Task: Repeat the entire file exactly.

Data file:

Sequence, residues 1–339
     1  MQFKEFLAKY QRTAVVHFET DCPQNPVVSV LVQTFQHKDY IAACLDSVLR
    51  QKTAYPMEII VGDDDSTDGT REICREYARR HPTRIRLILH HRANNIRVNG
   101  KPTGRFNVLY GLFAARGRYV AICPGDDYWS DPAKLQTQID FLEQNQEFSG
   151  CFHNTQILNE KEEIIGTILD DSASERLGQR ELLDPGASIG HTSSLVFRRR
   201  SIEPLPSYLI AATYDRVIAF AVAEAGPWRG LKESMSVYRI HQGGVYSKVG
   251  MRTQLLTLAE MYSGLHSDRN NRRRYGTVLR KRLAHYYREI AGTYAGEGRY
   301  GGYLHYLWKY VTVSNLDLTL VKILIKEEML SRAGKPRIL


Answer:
Sequence, residues 1–339
     1  MQFKEFLAKY QRTAVVHFET DCPQNPVVSV LVQTFQHKDY IAACLDSVLR
    51  QKTAYPMEII VGDDDSTDGT REICREYARR HPTRIRLILH HRANNIRVNG
   101  KPTGRFNVLY GLFAARGRYV AICPGDDYWS DPAKLQTQID FLEQNQEFSG
   151  CFHNTQILNE KEEIIGTILD DSASERLGQR ELLDPGASIG HTSSLVFRRR
   201  SIEPLPSYLI AATYDRVIAF AVAEAGPWRG LKESMSVYRI HQGGVYSKVG
   251  MRTQLLTLAE MYSGLHSDRN NRRRYGTVLR KRLAHYYREI AGTYAGEGRY
   301  GGYLHYLWKY VTVSNLDLTL VKILIKEEML SRAGKPRIL